Review: 070 Shake's Hip-Hop Pop Epic “Modus Vivendi” - Rolling Stone
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070 Shake Charts Inner Desire and Outer Space on ‘Modus Vivendi’

Kanye West collaborator Danielle Balbuena’s debut plays like an emo-rap ‘Dark Side of the Moon’

070 Shake070 Shake

Dan Regan*

The 22-year-old North Bergen, New Jersey, rapper-singer 070 Shake, a.k.a. Danielle Balbuena, hit mainstream radar via Kanye West’s Wyoming sessions, functioning as fluid spirit animal/superego on Ye’s “Violent Crimes” and “Ghost Town,” and Pusha T’s “Santeria.” Born to a Dominican immigrant mom, Shake grew up on Lauryn Hill and My Chemical Romance. The flows come hard and soft, in English and Spanish, with verses suggesting a fierce, strong, proud, brave, spiritual being who’s also hungry, searching, scared, self-loathing, and self-destructive. Like plenty of humans, especially in their early twenties.

Shake’s enveloping debut LP, Modus Vivendi, charts desire and space —outer and inner — it’s an emo-rap Dark Side of the Moon. Songs address a lover (possibly model Sophia Diana Lodato) and perhaps Balbuena, too, looking into the mirror. The delivery can be slurred and druggy, and past verses allude to depression and suicide (see “Mirrors” and “Sunday Night,” the early track that caught Kanye’s ear). On Modus Vivendi, the vibe’s provisionally hopeful, even blissful. Amid synth clouds on “Under the Moon,” Shake hungers for a buzz while savoring someone’s “killer two-piece.” The neurochemistry of “Microdosing” may be hormonal or psychedelic. “Daydreaming” imagines a “mini-retreat” via a “spaceship in the back of the seat.” The beats, such as they are, conjure the proto-new age electronica of Synergy and Tomita, whose Debussy-channeling “Gardens in the Rain” flickers through “Rocketship,” Shake affirming “the moon feels better than the sun” in vocoder fractals.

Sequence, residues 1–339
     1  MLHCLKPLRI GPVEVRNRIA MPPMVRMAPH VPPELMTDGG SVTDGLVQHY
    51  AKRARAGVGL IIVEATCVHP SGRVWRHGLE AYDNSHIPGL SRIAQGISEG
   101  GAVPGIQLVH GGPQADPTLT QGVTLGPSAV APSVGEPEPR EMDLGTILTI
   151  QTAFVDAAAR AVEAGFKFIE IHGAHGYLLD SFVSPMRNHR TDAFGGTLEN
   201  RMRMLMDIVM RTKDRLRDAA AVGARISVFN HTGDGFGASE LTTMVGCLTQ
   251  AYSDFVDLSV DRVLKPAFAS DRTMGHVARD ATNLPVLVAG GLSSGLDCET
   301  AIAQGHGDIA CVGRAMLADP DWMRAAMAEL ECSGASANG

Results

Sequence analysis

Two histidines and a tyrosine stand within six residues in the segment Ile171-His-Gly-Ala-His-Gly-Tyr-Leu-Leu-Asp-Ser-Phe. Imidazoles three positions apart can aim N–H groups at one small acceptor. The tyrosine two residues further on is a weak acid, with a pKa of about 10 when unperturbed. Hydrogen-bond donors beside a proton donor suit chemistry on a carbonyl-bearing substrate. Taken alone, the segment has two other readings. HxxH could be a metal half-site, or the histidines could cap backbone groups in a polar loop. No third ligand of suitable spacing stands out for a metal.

As Afrika Bambaataa retooled Kraftwerk LPs and Ye sampled King Crimson, it shouldn’t be surprising that Modus Vivendi suggests Enya and Pink Floyd as much as Frank Ocean. Even so, Shake digs deep. “Come Around” is seeded with the theme to the 1975 Bollywood gangster hit Dharmatma, the lodestone sample of Jaylib’s “Champion Sound.” Here, it’s barely a skeleton within a multitracked chant imploring “baby, I’m in need.” A Spanish guitar flourish breaks dawn on “Morrow,” while “The Divorce” flips turbulent rhythms by master Cuban conguero Patato (“Rumba Pa’ Paris”), with hot fusion licks by guitarist Justus West alongside keyboardists/co-producers Mike Dean and Dave Hamelin (of Canadian indie rockers the Stills). Most striking is “The Pines,” a bloodletting of jealousy-toxins that repurposes the murderous folk traditional Leadbelly recorded as “Where Did You Sleep Last Night?” and Nirvana released as “In the Pines.”

While it can often go dark, the vibe is empathic; Shake’s said the record was designed to comfort, and counter hate. Even the scar-fingering single “Guilty Conscience,” as it rewinds a betrayal, sounds like a synth-pop hug. But ultimately, this is cleareyed music. After pondering mortality on “Terminal B” and accepting “really nobody’s safe here,” “Flight 319” gets intimate in a 3 a.m., four-drinks-in way you can imagine at arena scale. “Lost her only son, and he wasn’t even three,” Shake rhymes, embodying an astronaut “being held down by gravity,” and trying to offer consolation that’s cut off in mid-sentence. It’s the sound of a realist and fantasist sparring, and it’s obviously where Shake lives.


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